New NHS poll reveals pregnant smokers avoid help to quit for fear of criticism
Some pregnant women who smoke are too afraid to seek help from their GP to quit the habit, for fear of being ‘judged’, according to a new NHS poll.
As many as 25% of the 224 pregnant smokers who were quizzed for the survey admitted they had not looked for help owing to worries about being criticised for damaging their unborn baby.
A further 40% revealed they had not even admitted their smoking habit to doctors or midwives.
The poll has prompted the launch of a new campaign to encourage the 17% of pregnant smokers in England to ask for help in quitting.
The move has been welcomed by The Royal College of Midwives but the organisation warned that women who smoke when pregnant should not be judged.
The effects of smoking while pregnant can be widespread. It can reduce the amount of oxygen available to the developing foetus, and babies can often be born with a lower than average birthweight.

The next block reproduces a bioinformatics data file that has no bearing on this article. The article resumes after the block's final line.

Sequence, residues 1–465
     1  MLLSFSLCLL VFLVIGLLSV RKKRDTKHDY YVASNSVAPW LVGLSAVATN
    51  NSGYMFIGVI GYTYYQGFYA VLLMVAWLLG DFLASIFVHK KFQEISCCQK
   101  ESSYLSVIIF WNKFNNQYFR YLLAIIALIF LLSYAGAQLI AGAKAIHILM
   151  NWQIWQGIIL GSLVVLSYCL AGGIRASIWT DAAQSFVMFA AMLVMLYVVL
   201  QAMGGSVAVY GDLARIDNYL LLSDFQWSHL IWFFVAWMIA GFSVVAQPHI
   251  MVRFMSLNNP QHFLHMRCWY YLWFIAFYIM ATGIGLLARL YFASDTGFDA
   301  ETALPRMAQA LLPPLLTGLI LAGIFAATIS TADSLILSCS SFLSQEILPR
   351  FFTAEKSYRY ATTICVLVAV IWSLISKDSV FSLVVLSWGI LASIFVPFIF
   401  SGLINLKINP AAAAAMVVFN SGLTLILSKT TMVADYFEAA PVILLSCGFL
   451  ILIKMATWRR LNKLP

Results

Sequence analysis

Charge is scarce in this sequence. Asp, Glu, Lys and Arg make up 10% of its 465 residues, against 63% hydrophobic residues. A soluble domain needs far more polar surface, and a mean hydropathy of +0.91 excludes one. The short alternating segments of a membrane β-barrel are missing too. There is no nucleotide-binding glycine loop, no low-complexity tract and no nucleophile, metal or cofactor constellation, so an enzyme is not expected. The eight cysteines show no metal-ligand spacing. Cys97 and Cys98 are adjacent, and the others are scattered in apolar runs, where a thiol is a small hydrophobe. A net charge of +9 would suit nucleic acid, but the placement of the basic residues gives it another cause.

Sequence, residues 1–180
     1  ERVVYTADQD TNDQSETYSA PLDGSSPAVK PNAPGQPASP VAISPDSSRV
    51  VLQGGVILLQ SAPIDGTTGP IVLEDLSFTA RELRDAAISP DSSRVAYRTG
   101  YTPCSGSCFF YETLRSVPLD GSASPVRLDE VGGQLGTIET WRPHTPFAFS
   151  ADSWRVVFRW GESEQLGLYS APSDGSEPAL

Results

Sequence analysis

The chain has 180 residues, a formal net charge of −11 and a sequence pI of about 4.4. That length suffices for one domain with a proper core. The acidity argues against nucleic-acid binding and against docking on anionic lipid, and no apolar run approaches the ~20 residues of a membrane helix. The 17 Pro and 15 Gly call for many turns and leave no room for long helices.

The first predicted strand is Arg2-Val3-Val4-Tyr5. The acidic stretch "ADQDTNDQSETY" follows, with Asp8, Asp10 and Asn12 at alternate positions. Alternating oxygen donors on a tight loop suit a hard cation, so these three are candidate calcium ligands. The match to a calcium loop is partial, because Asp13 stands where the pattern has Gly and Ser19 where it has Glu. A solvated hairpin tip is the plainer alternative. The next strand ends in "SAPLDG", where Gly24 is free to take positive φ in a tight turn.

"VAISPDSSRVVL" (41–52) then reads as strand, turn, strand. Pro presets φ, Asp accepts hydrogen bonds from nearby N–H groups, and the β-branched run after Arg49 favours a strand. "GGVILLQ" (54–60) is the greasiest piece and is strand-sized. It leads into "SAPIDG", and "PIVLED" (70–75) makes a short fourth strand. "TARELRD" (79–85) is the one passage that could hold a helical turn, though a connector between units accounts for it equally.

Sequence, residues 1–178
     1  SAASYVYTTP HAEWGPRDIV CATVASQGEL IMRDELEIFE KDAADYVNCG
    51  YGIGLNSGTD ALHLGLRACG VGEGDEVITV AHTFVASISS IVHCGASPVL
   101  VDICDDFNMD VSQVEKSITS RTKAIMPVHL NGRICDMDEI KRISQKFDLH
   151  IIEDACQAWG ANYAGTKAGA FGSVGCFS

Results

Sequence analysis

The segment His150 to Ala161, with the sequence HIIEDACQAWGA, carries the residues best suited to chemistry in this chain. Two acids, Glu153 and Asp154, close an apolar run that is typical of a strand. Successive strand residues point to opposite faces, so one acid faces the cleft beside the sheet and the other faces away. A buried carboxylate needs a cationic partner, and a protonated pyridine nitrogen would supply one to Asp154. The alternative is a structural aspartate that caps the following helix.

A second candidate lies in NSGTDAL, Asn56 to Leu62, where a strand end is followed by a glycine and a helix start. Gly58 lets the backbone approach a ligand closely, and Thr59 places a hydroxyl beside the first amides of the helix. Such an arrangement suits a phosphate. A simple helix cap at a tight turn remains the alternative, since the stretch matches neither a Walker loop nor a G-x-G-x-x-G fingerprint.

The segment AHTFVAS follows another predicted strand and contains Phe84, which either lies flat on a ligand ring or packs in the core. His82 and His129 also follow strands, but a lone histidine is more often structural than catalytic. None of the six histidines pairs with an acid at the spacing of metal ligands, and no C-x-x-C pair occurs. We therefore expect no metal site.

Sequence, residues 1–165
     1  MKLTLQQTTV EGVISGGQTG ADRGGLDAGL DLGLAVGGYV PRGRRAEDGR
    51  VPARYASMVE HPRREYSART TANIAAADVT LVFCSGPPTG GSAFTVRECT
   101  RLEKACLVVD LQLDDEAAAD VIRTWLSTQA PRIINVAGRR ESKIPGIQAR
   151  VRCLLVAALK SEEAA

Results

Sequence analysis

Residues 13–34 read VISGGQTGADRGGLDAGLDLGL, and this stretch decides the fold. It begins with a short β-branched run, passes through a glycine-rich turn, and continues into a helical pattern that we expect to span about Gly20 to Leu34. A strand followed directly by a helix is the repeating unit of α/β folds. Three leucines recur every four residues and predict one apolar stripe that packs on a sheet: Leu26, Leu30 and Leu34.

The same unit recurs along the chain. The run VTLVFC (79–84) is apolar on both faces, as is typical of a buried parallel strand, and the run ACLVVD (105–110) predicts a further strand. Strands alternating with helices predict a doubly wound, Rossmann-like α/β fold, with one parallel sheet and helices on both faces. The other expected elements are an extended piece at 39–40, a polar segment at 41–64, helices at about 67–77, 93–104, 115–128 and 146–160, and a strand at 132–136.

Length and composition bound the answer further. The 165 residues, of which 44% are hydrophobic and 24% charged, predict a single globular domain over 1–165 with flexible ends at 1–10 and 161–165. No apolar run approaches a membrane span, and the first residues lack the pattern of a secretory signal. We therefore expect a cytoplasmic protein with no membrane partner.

In 2002 the government launched a £6m initiative to train specialists to advise women on the risks of smoking in pregnancy and offering ways to help them quit. However, the latest poll has shown that some women don’t try to seek advice in the first instance.
Dr Miriam Stoppard who will lead the new campaign explained: ‘Pregnant women who smoke do not automatically find it easy to stop smoking as soon as they become pregnant.
‘Pregnancy can be a particularly difficult time to stop smoking – and rather than stigmatising these women, we should be guiding them to their local NHS Stop Smoking Service for expert advice and support.’
Royal College of Midwives General Secretary, Cathy Warwick, said: ‘Any steps to reduce smoking among pregnant women are to be applauded.’
But she said: ‘In working to reduce smoking though, we must not point an accusing finger and stigmatize women who smoke during pregnancy.
‘The focus should be on encouraging pregnant women to discuss the issue with their midwife who will offer help, support and guidance.’